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Extreme storm events contribute to forest dynamics in the Amazon

Presentation Date
Friday, December 16, 2022 at 2:45pm - Friday, December 16, 2022 at 6:15pm
McCormick Place - Poster Hall, Hall - A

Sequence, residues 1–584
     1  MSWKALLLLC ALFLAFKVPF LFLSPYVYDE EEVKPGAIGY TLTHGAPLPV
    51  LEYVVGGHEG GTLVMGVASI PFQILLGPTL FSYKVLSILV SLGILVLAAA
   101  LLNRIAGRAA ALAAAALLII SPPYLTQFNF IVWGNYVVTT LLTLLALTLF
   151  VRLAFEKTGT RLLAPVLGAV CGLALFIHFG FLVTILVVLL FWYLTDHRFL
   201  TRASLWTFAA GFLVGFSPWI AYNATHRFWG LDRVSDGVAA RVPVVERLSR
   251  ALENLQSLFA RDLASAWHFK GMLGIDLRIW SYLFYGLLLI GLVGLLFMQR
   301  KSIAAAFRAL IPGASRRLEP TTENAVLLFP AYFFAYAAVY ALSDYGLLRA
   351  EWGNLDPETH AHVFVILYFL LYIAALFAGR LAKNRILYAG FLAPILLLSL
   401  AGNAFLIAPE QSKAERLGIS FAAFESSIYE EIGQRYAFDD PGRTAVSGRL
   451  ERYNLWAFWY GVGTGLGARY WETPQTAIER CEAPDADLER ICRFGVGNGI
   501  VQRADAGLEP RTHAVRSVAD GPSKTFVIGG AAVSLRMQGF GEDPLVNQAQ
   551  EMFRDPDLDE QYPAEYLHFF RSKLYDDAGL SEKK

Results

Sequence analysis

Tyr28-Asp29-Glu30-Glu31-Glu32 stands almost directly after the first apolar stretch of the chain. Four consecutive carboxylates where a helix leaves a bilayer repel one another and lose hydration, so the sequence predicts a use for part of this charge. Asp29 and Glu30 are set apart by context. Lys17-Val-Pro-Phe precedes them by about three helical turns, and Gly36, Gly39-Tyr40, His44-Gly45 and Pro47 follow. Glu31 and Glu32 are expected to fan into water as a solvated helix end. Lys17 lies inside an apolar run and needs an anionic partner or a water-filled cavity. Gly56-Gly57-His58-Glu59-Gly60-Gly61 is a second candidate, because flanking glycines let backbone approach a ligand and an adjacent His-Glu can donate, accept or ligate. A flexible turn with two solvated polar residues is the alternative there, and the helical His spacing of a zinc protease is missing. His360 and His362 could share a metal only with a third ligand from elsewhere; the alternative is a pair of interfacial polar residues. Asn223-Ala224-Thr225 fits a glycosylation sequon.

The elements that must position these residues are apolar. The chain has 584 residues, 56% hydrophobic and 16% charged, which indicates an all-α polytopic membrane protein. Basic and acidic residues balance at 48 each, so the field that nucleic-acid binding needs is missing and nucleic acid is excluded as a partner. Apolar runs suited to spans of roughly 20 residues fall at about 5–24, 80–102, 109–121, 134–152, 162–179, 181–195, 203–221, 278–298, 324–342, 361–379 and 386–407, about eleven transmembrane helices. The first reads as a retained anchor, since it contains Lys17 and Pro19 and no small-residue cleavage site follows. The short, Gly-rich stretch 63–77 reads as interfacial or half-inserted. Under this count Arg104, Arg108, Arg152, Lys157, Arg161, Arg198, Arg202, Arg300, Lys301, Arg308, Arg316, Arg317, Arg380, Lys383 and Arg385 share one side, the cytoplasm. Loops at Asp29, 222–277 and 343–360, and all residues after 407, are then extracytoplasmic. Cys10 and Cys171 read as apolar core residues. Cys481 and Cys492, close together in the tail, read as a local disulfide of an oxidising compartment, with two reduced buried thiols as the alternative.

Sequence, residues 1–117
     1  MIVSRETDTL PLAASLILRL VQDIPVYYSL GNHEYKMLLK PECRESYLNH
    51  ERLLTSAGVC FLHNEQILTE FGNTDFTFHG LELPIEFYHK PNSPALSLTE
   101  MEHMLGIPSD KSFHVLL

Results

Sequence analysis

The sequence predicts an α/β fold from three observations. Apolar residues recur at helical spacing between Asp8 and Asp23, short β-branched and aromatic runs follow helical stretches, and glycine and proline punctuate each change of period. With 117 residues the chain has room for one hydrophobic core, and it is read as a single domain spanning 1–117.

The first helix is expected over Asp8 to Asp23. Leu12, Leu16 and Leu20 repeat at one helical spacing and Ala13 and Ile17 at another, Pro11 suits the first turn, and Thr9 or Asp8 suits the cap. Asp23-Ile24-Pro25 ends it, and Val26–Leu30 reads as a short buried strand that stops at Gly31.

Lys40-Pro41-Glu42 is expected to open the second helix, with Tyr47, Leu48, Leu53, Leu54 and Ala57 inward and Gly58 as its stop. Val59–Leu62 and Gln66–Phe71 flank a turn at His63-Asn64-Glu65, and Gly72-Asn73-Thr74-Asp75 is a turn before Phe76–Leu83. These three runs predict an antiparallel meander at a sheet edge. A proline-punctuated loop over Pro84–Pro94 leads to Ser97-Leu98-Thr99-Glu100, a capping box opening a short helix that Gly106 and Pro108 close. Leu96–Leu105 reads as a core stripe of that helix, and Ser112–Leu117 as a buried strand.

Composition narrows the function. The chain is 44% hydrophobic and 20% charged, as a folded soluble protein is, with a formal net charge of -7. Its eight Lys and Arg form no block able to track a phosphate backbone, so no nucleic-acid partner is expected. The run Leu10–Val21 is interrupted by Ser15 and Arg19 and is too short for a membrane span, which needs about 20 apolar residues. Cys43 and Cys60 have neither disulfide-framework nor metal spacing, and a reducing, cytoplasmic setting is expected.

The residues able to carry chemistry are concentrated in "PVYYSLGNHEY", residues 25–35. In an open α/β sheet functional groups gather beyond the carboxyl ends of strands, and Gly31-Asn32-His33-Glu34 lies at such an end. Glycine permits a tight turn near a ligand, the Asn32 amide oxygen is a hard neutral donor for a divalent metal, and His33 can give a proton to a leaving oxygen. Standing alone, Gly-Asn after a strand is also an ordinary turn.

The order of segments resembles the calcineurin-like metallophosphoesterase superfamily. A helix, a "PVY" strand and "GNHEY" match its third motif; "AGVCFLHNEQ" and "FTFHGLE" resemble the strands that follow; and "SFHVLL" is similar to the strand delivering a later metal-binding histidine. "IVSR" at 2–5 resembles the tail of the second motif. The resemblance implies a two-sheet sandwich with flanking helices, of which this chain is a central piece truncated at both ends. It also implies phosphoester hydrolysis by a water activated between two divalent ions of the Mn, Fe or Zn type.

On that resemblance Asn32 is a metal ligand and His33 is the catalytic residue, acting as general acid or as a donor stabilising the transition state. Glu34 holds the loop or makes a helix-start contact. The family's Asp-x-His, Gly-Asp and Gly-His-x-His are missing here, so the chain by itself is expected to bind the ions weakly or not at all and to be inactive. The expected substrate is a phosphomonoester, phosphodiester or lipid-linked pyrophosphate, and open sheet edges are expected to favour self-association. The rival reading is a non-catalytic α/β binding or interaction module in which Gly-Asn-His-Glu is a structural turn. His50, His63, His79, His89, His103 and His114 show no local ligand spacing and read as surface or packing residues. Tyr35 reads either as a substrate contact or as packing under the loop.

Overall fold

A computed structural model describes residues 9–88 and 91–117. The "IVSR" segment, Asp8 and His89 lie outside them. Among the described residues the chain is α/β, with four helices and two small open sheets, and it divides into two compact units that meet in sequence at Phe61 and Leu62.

Amazon forest accounts for around 40% of carbon stock in global tropical forests, playing a center role in uptaking anthropogenic carbon emission and mitigating global warming. Recent studies suggest that climate change has led Amazonia more susceptible to forest loss due to various drivers, and extreme storms is an important yet overlooked mode of tree mortality. Extreme storms produce downbursts and heavy rainfalls that may uproot or snap the trees. Field observations showed that extreme storms can explain ~50% of observed carbon residence time across the Amazon. In order to better understand how extreme storms influence forest dynamics, we used ED2 model to simulate forest growth in Amazonia with different settings of woody residence time (τw). We evaluated how spatial variability of τw derived from the relationship with extreme storms shaped modeled patterns of aboveground biomass (AGB) and productivity. We found that with spatially varying τw the model simulated lower AGB and stand-level wood density in western Amazon but higher AGB and stand-level wood density in eastern Amazon, which is closer to observed spatial gradients. Specifically, the model with spatially varying τw simulated larger proportion of early successional trees but smaller proportion of late-successional trees in northwestern Amazon where more frequent extreme storms happened, confirming the effect of this mortality on ecosystem processes. In addition, spatially varying τw enabled the model to simulate higher productivity and mortality in western but lower productivity and mortality in eastern Amazon, which are more comparable to observations, although current model parameterization tended to overestimate those rates. Our long-term simulations also predict larger carbon stock in Amazon forest at century-scale with spatially varying τw, which suggested the necessity of addressing the changes of extreme storms and feedbacks on ecosystem processes when predicting future climate influence on global carbon budget.

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